Professional chefs rely on many tools to ensure they produce the best food possible. From stuff you're familiar with -- like an oven, a stove, or a mandolin -- to something you likely don't have at home -- like a salamander or a blast chiller -- there are plenty of appliances chefs need. But one of the most crucial weapons in their culinary arsenal is something so simple you might not even think about it: The tasting spoon.
All those other tools may enable chefs to make their food, but a tasting spoon ensures they'll actually be able to make it well. Ultimately, this comes down to one of the foundational cooking principles, either at home or in a professional kitchen: Always taste your food (even though reality TV gets it wrong by not showing this). No, taste your food more than that. You won't know whether it's good if you don't taste it for yourself.
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Tasting Your Food As You Cook Is Extremely Important
When given half the chance, professional chefs will drill it into both their employees and the general public: Always season and taste your food at every step of the process to ensure you're getting the product right. Professional kitchens are indeed busy places, but when a sauce is being made, someone -- be it the chef who prepares it or the head chef wandering around ensuring quality control -- will be tasting it.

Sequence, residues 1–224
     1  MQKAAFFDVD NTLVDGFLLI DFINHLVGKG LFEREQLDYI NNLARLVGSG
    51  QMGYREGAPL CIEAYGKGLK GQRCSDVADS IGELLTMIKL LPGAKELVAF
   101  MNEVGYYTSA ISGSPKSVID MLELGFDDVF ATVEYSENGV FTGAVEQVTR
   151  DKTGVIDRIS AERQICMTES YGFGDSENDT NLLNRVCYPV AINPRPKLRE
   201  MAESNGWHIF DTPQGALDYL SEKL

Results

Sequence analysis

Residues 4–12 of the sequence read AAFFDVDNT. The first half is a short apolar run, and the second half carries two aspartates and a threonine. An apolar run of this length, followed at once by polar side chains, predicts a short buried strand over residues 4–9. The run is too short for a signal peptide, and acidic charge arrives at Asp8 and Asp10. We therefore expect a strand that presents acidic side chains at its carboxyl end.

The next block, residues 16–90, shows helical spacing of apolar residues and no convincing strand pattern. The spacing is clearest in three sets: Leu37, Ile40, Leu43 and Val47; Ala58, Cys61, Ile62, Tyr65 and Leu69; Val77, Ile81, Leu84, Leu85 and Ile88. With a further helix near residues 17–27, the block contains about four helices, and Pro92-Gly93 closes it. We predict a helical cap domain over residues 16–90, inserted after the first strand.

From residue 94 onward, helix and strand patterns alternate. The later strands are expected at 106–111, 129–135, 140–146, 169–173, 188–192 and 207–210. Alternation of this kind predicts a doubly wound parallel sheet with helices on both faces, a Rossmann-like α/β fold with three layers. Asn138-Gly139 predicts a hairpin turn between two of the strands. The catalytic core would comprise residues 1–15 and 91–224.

To be fair, "tasting spoon" is a bit of a misnomer here, only because you're not likely to see just one tasting spoon. Any chef worth their salt isn't going to lick a spoon and then put it back in their dish a second time because that's clearly a health hazard -- same as the classical image of a chef tasting with their finger is extremely undesirable (even if it used to be a lot more common). Instead, chefs will likely have a whole bunch of spoons at their disposal, which they'll run through as needed.
Various Implements Can Be Used As Tasting Spoons
As far as what constitutes a tasting spoon, well, that depends. It could theoretically be a serving spoon; this is most likely what you'd use at home. But typically, professional chefs have other options at their disposal.
Among these are specific smaller tasting spoons because you don't need a full mouthful to taste (although Chef Gray Kunz was famous for using a much bigger spoon in the '90s). But there's also a channel spoon, which lets you lift liquid out of a container and run it down a channel on the spoon handle before it gets to the spoon head (this is so the liquid cools). There's also something called a fork spoon, which is precisely what it sounds like it has a fork on one end and a spoon on the other, so a chef can taste either solids or liquids using one utensil.
But whatever a chef uses, it's a universal truism that tasting is important. All these tools exist with one singular purpose: Ensuring a chef has the greatest possible ability to put out a delicious dish.
Read the original article on Daily Meal.